On March 20, 1995, members of the Japanese doomsday cult Aum Shinrikyo released sarin gas into Tokyo's subway system during the morning rush hour, killing 13 people and injuring thousands.
When news of the attack emerged, the Australian Federal Police discovered an unexpected connection: in 1993, the cult had purchased and made multiple visits to Banjawarn, a remote sheep station in the West Australian desert. A police raid of the station, which the sect sold in October 1994, revealed a laboratory hidden in an abandoned house, equipped with computers, beakers, tubing, Bunsen burners, mixing bowls, a rock-crushing machine, and generators. Chemicals and 29 sheep carcasses completed the picture: Aum Shinrikyo had been conducting nerve-agent experiments on the animals in preparation for international attacks.
Police concluded that sect once intended to establish a permanent haven in Australia, but found no evidence of its members living in Australia. Banjawarn has reverted to its pastoral origins, operating as a cattle farm with a four-bedroom cottage, garden, and orchard. However, a mystery remains.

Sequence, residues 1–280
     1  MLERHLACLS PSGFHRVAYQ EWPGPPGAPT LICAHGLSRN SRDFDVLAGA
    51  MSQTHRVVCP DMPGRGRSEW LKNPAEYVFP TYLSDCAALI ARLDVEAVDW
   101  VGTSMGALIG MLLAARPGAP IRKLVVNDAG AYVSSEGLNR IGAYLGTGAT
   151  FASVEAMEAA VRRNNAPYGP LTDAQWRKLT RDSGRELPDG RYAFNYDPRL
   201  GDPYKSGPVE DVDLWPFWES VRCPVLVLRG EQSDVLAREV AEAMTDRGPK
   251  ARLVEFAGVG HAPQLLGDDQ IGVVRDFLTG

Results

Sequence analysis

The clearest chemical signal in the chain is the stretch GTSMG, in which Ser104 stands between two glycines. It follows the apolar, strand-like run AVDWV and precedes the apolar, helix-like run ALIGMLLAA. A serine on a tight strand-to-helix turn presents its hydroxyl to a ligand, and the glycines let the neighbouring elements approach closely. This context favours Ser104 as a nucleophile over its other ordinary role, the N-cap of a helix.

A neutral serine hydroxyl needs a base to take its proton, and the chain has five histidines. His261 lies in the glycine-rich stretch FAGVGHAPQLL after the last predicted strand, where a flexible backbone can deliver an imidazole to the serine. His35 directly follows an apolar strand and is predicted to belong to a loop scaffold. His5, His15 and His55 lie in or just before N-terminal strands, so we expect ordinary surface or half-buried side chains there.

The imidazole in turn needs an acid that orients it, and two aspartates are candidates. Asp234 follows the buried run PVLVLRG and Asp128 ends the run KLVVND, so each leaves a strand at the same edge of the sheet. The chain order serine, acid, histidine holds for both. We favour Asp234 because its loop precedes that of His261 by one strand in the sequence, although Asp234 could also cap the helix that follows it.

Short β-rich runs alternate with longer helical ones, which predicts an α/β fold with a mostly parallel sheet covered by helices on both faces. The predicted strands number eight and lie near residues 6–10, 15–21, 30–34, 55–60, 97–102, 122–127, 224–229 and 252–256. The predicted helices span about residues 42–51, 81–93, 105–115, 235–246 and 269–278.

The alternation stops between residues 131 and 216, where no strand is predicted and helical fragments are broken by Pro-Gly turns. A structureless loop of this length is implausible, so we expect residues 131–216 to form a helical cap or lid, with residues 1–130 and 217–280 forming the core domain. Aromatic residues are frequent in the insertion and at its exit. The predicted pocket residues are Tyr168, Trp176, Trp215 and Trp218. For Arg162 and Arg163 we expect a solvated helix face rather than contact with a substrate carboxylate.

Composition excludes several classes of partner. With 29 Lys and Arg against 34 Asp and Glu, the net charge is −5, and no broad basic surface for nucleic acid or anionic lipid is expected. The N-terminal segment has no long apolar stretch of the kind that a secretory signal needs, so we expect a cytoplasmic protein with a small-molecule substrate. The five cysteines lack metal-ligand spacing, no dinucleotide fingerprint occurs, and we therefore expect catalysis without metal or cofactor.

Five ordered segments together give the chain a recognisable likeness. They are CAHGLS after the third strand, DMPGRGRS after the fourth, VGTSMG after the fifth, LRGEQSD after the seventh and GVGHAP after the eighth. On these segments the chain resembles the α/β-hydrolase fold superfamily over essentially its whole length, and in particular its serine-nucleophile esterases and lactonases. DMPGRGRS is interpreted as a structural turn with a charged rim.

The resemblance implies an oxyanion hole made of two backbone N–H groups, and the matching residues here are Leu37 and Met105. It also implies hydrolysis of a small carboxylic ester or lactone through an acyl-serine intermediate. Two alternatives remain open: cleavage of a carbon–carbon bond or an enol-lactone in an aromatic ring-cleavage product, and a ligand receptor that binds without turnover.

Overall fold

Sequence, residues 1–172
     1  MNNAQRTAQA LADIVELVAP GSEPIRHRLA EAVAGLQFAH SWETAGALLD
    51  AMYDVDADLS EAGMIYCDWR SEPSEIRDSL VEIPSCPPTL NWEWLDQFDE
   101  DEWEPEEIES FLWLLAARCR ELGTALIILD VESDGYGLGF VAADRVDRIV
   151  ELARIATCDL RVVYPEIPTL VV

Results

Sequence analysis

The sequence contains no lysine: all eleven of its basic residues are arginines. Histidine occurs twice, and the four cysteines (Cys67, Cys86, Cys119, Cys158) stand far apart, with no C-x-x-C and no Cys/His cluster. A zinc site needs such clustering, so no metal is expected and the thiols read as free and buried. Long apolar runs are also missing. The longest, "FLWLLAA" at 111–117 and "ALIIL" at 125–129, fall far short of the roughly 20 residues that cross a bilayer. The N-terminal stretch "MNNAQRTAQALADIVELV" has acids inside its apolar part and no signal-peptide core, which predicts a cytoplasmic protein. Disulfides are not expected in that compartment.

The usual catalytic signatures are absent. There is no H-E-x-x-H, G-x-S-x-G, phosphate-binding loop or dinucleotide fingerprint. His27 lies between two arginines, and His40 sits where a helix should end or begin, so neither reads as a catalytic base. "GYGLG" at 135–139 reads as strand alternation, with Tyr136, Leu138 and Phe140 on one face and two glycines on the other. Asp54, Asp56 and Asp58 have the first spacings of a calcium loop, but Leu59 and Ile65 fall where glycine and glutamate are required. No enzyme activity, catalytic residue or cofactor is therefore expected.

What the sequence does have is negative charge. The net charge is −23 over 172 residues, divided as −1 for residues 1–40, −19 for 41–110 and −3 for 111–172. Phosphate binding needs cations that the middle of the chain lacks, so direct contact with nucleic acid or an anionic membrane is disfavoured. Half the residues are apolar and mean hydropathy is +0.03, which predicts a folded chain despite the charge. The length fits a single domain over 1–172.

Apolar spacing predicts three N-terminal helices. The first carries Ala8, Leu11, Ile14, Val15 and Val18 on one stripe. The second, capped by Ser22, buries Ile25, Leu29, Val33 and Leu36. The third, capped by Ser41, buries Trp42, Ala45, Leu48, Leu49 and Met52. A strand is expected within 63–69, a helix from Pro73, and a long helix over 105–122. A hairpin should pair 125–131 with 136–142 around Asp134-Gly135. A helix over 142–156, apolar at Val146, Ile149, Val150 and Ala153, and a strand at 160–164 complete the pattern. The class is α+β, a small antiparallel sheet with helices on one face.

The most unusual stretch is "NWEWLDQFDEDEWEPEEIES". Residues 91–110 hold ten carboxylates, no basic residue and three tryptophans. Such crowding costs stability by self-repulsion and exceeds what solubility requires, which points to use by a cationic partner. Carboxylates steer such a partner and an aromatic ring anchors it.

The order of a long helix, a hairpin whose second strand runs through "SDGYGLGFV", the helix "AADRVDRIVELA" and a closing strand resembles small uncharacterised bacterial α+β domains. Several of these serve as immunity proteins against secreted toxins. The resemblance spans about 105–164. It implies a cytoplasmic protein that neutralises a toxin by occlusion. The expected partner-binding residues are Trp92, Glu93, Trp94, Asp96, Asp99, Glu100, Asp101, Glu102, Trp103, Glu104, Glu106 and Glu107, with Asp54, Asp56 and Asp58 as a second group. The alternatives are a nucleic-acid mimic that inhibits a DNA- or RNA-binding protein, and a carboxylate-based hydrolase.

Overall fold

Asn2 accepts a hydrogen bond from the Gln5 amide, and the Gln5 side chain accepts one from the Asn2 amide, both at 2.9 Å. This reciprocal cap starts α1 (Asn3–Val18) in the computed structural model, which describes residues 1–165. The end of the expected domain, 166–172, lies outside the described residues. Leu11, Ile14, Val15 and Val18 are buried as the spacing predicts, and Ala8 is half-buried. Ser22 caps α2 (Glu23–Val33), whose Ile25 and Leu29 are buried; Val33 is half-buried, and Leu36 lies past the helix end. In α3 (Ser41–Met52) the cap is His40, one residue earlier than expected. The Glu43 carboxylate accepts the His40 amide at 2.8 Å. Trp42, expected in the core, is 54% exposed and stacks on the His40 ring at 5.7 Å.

On May 28th, 1993, a mysterious seismic disturbance was detected emanating from the area. The disturbance was "170 times more powerful than the largest explosion known in Australia up to that time." Long distance truckers report having seen a fireball and heard a loud low-frequency sound. This event occurred during the time that Aum Shinrikyo is known to have been conducting sarin experiments on sheep at the remote station.
It is also now known that the Aum Shinrikyo cultists had been interested in acquiring or creating nuclear weapons and recruited Russian nuclear weapons engineers to help them. Some have speculated that Aum Shinrikyo may have set off a homemade explosive device in the remote area, though an investigation found no evidence of this, nor any other clear explanation for the seismic event and reported fireball.
In his book, A Sunburned Country, Bill Bryson notes that Australia is "so vast and empty that a band of amateur enthusiasts could conceivably set off the world's first non-governmental atomic bomb on its mainland and almost four years would pass before anyone noticed".